Curt Yagi & the People Standing Behind Me
Curt Yagi was the San Francisco Bay Guardian’s “2008 Best of the Bay Singer-Songwriter.”
“People keep comparing him to other artists, but I think he just sounds like Curt Yagi, and that is plenty good enough. This is one excellent singer and songwriter,” said Ben Fong-Torres, former Senior Editor, Rolling Stone.
On all nine original tracks on “Close My Eyes,” Yagi delivers captivating lyrics and hummable melodies, augmented by a buoyant threepiece horn section and edgy and layered guitars built on the foundation of a rock solid, driving rhythm section. His songs are delivered in an inimitable and endearingly charismatic persona the San Francisco Bay Guardian describes as “the swagger of Lenny Kravitz and the lyrical prowess of Jack Johnson,” and the San Francisco Chronicle called Yagi “a talented songwriter who sings — like Kenny Loggins.”
GoldSea.com states, “Hearing one of Curt Yagi’s original songs from his ‘Close My Eyes’ album for the first time is like going for a walk in the woods and finding a unicorn. You keep listening to make sure it’s really what it seems to be — a real find.”
Such glowing accolades, delivered in rapid succession soon after the release of his November 2007 full-length debut, “What’s Come Over Me,” combined with numerous live club and radio, as well as fair and festival appearances from San Francisco to Napa exposed Yagi to a wide and diverse demographic of fans.AsianWeek.com called the long-time San Francisco resident, and fourth generation Japanese American, a “must see entertainer” describing his music as, “filled with percussive guitar licks, breathy vocals, rhythmic beats and driving bass lines, (that) will keep you going the entire day.”
Fans of Sublime, Bare Naked Ladies, Big Head Todd and the Monsters, and Dave Matthews gravitate to the easily accessible Yagi style, and his new album, “Close My Eyes,” was produced by Larry (The O) Oppenheimer at Studio Faire La Nouba for Toys in the Attic Productions.
“Close My Eyes” features the singles “Sweep Me,” a vibrant Ska-inspired love song; the title track, “Close My Eyes,” a moving tribute to the beloved father he lost in 2002; and “Live My Life,” a groove-infused four/four rocker that melds a Rolling Stones-esque danceable bass line, a Chicago-style horn section, with John Mayer-meets-Ben Harper vocal delivery.
If you have yet to witness a Swoop Unit show, you’ve been missing a rare revival of pure juke joint, jazz-dripped funk that is seldom seen in clubs today. The kind of stuff that sits right up there with the best of your Stax, Impulse, and Blue Note records and reminds you of what jazz, soul, and funk should sound like when performed by a tight group of players. Comprised of John Gibson (trumpet), Patrick Greene (guitar), Les Harris (saxophone and flute), Steve Neil (bass), Scott Okamoto (trombone), Paul Rustigian (keyboards), Rossana Schneider (vocals), and Adam Willis (drums), this veteran collective of groove slayers has a combined experience spanning decades, playing alongside such heavy hitters as Michael Franti and Spearhead, Fred Wesley, Los Angelitos, George Porter, Joshua Redman, the Uptones, Merl Saunders, the Mo’fessionals, and Primus. Take that alongside the tracks by Charlie Hunter, Fela Kuti, Grant Green, James Brown, and Ray Manzarek bumping in their headphones and you now have that which is known as Swoop Unit. The sound is best described as rare instrumental groove with original dance floor funk.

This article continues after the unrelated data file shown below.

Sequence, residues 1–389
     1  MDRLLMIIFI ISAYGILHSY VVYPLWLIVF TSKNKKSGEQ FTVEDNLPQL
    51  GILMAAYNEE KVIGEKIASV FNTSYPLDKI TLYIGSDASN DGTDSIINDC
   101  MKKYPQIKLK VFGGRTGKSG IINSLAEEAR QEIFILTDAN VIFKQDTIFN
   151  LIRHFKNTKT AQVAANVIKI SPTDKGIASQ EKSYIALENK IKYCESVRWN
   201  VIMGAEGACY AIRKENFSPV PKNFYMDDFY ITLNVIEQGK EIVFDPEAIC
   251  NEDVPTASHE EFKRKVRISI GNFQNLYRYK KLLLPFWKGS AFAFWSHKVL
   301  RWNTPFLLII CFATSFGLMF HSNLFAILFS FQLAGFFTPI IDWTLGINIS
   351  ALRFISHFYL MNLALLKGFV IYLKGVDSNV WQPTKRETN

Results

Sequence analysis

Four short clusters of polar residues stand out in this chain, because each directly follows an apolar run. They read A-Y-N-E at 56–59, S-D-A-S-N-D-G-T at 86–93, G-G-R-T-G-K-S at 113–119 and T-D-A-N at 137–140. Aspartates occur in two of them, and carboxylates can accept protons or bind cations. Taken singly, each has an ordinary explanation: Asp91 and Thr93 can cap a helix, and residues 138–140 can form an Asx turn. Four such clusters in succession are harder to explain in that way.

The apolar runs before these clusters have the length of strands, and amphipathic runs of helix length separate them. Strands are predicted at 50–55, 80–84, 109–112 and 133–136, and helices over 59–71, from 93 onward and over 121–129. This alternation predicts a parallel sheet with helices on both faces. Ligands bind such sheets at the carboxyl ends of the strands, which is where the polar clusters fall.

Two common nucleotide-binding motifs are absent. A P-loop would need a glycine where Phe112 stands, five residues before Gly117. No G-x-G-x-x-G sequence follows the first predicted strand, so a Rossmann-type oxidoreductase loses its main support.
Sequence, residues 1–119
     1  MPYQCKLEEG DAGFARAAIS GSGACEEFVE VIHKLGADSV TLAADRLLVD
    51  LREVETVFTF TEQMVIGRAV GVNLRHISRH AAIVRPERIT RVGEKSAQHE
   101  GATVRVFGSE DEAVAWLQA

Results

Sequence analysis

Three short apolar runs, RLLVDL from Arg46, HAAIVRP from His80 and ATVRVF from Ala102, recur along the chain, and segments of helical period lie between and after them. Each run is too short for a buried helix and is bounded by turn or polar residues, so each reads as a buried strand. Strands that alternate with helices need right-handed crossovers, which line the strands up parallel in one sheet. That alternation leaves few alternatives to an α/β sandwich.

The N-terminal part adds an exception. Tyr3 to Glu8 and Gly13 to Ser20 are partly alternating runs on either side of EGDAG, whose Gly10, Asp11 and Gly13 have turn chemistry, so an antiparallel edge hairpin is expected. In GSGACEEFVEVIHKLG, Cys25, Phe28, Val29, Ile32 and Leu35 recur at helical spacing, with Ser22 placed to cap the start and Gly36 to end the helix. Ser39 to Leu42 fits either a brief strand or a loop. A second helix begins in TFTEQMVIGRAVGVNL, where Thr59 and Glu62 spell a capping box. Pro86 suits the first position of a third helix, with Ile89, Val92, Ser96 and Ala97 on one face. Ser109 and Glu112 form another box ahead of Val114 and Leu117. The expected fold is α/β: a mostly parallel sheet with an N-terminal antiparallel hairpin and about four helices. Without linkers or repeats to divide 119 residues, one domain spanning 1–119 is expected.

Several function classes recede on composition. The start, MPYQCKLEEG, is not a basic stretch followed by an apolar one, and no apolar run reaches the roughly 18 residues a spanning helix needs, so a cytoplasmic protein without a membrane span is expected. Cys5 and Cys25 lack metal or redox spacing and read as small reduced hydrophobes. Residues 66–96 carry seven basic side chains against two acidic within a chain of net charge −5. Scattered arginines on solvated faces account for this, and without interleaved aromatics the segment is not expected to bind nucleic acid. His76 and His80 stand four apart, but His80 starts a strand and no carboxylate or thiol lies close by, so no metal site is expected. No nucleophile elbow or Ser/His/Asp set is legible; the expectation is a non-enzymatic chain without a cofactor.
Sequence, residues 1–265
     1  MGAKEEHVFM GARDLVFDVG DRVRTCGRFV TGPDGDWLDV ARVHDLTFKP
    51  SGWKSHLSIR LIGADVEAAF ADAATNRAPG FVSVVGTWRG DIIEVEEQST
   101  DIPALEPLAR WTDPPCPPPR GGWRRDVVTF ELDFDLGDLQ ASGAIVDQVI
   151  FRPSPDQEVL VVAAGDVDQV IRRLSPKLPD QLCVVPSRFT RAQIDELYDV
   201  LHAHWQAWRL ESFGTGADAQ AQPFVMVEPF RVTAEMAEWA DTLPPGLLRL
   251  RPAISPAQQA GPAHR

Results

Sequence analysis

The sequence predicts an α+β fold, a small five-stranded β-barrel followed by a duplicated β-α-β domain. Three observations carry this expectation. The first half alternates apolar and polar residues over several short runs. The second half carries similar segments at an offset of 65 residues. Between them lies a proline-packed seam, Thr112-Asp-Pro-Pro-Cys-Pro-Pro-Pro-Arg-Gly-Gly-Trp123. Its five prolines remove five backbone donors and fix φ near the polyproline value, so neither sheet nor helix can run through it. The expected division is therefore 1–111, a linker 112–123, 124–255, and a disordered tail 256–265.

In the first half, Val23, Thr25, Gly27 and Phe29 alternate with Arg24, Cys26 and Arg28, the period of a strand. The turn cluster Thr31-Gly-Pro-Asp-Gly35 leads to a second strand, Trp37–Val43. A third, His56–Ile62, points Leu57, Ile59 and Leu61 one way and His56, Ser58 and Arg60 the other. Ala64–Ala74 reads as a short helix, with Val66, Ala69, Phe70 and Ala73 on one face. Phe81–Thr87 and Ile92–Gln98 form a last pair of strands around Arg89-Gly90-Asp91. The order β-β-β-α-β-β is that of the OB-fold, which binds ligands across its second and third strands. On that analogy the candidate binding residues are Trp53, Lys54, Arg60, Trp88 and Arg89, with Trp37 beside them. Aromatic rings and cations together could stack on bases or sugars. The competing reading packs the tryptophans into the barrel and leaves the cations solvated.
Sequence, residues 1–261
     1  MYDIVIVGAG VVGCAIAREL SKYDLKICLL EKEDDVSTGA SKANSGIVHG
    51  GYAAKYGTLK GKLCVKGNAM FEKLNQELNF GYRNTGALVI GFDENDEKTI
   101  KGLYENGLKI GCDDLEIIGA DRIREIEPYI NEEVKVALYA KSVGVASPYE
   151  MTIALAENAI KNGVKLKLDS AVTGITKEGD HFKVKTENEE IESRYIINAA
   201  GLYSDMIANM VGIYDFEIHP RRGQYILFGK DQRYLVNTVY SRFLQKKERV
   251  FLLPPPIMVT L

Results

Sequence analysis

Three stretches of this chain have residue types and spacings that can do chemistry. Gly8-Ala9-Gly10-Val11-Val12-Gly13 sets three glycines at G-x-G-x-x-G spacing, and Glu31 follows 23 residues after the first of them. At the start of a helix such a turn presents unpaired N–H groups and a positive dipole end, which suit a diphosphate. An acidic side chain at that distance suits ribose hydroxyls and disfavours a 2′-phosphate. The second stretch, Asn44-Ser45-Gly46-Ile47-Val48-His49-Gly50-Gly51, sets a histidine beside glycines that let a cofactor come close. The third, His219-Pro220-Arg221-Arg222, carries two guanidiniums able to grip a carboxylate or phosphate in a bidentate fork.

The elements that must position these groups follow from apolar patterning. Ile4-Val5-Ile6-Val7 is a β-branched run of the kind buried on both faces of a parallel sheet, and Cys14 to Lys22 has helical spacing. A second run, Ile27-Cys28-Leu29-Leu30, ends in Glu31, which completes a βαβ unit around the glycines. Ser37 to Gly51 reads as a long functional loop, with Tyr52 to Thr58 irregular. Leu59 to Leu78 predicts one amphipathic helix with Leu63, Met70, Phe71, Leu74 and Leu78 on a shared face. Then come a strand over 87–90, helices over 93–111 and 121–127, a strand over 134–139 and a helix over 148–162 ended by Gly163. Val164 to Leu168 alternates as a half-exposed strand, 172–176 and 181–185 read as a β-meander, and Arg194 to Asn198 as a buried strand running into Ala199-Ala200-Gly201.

There is no doubt that this group can also work a show, born in the sweaty sunken orchestra of Bruno’s San Francisco in 1999 and shaking down Bay Area clubs ever since. Combine the jazz of New York’s Smalls and the New Orleans Frenchman Street funk and you might find yourself in a Swoop Unit sweat session. Many a dedicated crowd have dropped their best assets for Swoop Unit, soul clapping and all. A show by these eight soul survivors is nothing short of a house party, with now famous performances at such venues as Slim’s, Grant and Green, The Make-out Room, Jupiter, The Uptown, Rasselas, and many other concerts and festivals. Grab a drink but don’t bother with a seat; you won’t need it once they get it going…
Kendyl Ito, 17, is currently a junior at CK McClatchy High School in Sacramento and thrilled to perform at this year’s Northern California Soy and Tofu Festival. Her love of musical theater began at the age of 5 when she saw her first musical, “Beauty and the Beast,” at the Orpheum. Years later she would perform with one of the actors and herself play the lead as Belle.
Since then, she has performed in a variety of venues in the Sacramento and Davis regions — California Musical Theatre’s Music Circus, Broadway Sacramento, Davis Musical Theatre Company, the Lion’s Pride Players and Runaway Stage Productions. Favorite credits include Sandy in “Grease,” Belle in “Beauty and the Beast,” July in “Annie,” Alice in “Alice in Wonderland,” The Medium in “Rashomon” and Children’s Chorus in “Whistle Down The Wind.”
She has received a SARTA Elly nomination for her role as Princess Robin in “A Dragon’s Tail” and was a finalist in the 2011 Lion’s Club World of Talent Competition. This spring she will play the role of Sarah Brown in her high school musical, “Guys and Dolls,” and perform at the Lion’s Club Joint Council of Governors’ Meeting in Sacramento.